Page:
The Fed model and the Crestmont model are flawed because they require investors to make a different estimate about something which can not be estimated. The Fed model requires us to forecast rates, and the Crestmont model requires us to forecast inflation. Which basically means the models are useless.

    Further, Hussman has demonstrated (see Greenbakd http://bit.ly/18IxEie) that the Fed model carries almost no empirical explanatory power.

    Frankly, I can’t understand your take on this…

    • The Fed model i something entirely different — it uses 2 variables, and its conclusion is in large part dependent upon analysts estimates, which I have demonstrated are invariably too high (except at bottoms)

      See: -The Flawed Fed Valuation Model, February 5, 2008
      http://www.ritholtz.com/blog/2008/02/the-flawed-fed-valuation-model/

      • adbutler007 says:

        Without getting into the relative mechanics of the Fed model vs. the model presented, the implication is still that stocks are cheap relative to Treasuries, and that equity investors should expect 5+% excess returns per year over Treasuries over a variety of horizons.

        Then the paper goes on to show that the _normalized_ risk premium is less than zero once you extract the effect of abnormally low rates.

        Logically then, in order to harvest the implied risk premium from current rates, these rates would have to persist ad infinitum. If rates were to normalize, this would imply a NEGATIVE risk premium to stocks.

        So you should only be bullish if you believe that we will have low rates and QE forever. Which may or may not be true, but I would argue that if it is true then the theory underlying the concept of a risk premium is defunct.

      • cdwight says:

        People tend to extrapolate current trends too far into the future (rather than expecting revision to the mean). As long as the Fed holds rates artificially low and people believe that will continue the implied equity risk premium is real. At some point it will reverse when expectations shift and there is a belief the Fed increases rates and/or reverses QE. Keep in mind the Japanese have had low rates for about a couple of decades now. I think the US is in better shape and has avoided deflation so rates should rise sooner. Until capacity utilization rises into the low to mid-80s I don’t think there will be significant upward pressure on rates.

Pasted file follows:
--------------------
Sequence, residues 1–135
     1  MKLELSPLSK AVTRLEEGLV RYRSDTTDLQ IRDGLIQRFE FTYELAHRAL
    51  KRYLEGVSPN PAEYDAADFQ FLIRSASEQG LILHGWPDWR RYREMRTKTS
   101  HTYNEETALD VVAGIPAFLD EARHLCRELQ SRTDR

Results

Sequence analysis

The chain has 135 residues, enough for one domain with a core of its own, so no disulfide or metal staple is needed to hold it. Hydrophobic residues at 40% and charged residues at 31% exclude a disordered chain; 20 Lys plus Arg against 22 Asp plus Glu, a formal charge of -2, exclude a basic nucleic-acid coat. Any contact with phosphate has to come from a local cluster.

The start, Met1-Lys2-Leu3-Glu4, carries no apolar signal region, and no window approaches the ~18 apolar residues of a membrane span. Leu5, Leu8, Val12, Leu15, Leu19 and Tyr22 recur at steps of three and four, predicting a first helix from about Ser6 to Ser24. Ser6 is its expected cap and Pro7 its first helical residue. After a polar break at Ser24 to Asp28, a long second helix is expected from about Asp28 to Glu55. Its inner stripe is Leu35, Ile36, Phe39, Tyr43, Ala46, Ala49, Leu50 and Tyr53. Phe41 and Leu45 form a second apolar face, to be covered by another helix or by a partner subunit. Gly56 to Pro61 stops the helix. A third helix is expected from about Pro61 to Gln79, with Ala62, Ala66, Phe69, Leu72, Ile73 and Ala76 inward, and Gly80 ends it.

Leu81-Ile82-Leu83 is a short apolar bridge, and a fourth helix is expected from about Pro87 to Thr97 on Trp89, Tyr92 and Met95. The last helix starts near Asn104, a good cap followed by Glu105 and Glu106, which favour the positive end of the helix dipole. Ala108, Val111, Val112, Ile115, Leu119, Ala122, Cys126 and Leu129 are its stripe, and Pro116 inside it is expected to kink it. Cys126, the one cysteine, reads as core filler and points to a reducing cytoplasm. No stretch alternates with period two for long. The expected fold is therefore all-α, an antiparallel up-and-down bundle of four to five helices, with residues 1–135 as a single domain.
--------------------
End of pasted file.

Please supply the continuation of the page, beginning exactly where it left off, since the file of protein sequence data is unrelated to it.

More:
• Nick in AZ says:

        You are absolutely correct.

        E(r) = rf + β(RM – rf)
        Risk Premium = (RM – rf)

        where:

        rf is the risk free rate (treasuries)
        RM is the expected return on the market

        As long as the fed keeps rates close to zero, the expected return on the market IS the risk premium.

  4. agronox says:

    And the bear would say you’re looking at this wrong; that it isn’t that equities are poised to return so much, but that risk-free assets are poised to return so little that the equity risk premium is so comparatively high.

    I’m not a bear in general, but we’re in an outlier time for risk-free (lack of) returns.

  5. quantland says:

    Why is this chart bullish? I appears to me to be the exact opposite. The prior peaks of this metrics were during the great roaring late 70′s. Oh, that’s right, the return were dismal suring that time and just before the double recessions of 1980 and 81. This looks as a better contra-indicator. Can you explain otherwise?

    • This is long term bullish — unless you think the risk premium in 1982 was bearish?

      • quantland says:

        What is “Long term”? and what is its useful purpose? Are you telling me that the metric nailed it in 1974 where the 7 year return was in the neighborhood of 4% or it was really worth paying attention to 1990 when it told us to be bearish on stocks for the long-term?